This morning, at 7am, there were footsteps at our window, the dull thud of something hitting the verandah, the metal creak of the front gate being latched, then a slow fade of steps, now on the footpath.
Some hours later, at 9.30am, The Husband slapped the Sunday Herald Sun on the kitchen table, on top of yesterday’s Age.
“What is THAT?”
“I’ve got you the Herald Sun.”
He dropped the charade.
“It was on the doormat when I opened the front door.”
“I don’t know.”
Rewind to January this year: F’s first day back at school. One of his friends was over. The friend’s mother, M, and I sat companionably on my front porch, sipping gin and tonics and ignoring the squeals and shouts from the backyard. My bare legs rested on the wooden railing, the dark green paint peeling beneath my toes.
“I was on The Price is Right today.”
We looked up, startled, towards the open front gate. Keith was halfway up the front path, wearing a navy suit and striped tie – looking unusually formal.
“He-llo,” sang my companion. I heard the alcohol in her voice before I felt it tilting inside my head.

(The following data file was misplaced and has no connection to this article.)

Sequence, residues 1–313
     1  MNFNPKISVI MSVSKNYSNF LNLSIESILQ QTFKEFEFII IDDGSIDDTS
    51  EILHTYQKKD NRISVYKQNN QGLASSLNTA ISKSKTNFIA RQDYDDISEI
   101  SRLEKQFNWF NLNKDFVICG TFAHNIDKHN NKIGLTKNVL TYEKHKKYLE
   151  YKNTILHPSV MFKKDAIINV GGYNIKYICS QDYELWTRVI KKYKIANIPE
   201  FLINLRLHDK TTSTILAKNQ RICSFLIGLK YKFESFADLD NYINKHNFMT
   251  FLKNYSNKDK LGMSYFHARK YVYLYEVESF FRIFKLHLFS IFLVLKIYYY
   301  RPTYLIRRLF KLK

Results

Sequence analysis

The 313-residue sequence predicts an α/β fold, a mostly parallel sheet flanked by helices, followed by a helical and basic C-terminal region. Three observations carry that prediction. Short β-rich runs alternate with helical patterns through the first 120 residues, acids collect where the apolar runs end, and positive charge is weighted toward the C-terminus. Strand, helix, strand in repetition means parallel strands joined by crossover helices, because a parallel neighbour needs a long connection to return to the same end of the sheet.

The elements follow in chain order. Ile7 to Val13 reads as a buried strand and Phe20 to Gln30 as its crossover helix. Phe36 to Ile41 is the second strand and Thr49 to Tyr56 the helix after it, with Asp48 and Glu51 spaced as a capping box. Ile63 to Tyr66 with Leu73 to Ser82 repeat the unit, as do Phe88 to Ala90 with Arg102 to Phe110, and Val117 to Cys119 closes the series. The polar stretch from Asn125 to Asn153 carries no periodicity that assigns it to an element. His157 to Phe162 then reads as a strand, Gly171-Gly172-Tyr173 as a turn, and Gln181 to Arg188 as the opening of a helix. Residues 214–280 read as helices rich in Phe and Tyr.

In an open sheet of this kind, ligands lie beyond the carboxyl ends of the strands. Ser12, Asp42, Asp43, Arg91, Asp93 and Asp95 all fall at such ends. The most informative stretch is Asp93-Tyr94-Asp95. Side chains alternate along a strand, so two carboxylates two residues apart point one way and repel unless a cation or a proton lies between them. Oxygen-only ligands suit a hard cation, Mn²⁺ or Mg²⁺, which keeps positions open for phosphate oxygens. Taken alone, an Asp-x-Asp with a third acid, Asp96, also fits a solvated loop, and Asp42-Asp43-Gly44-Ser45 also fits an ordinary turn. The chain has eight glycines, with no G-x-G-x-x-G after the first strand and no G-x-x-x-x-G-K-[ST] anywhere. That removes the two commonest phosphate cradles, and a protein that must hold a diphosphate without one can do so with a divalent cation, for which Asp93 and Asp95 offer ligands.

“Hi. I was on The Price is Right today, that’s where I’ve been this afternoon and it’ll be on TV this Wednesday. You should watch.”
“Wow, that’s great. I’ll ... I’ll certainly try.”
He said something about picking suitcases and that he picked one that won him $500.
“I can’t complain about that,” he grinned. “$500, hey? Well, make sure you watch.”
“Okay. Thanks for telling us. That’s great.” We both waved at him as he fastened the gate behind him and moved on, briefcase in hand, to the next house. We heard the gate open, footsteps, and a surprised voice at the front door.
My friend and I looked at each other.
“Is he a sandwich short of a picnic?” she whispered.
“Yes,” I giggled, pouring a trickle of gin into each of our glasses as two small boys crashed through the screen door and spilled at our feet. “I think he is.”
At our dining room table this morning, as The Husband spooned rice porridge into his mouth and I chewed a muesli bar, I spotted Keith lingering outside on the footpath. He put a hand on the front gate, stepped towards the house, then changed his mind and moved away.
“Maybe it was Keith,” I suggested. “Maybe he’s in the Herald Sun today and that’s why he put it there.”
“Should we check?”
“If you want to.”
We couldn’t find him. But it’s still the best explanation I’ve got for why someone went to the trouble of carefully delivering us a Sunday Herald Sun.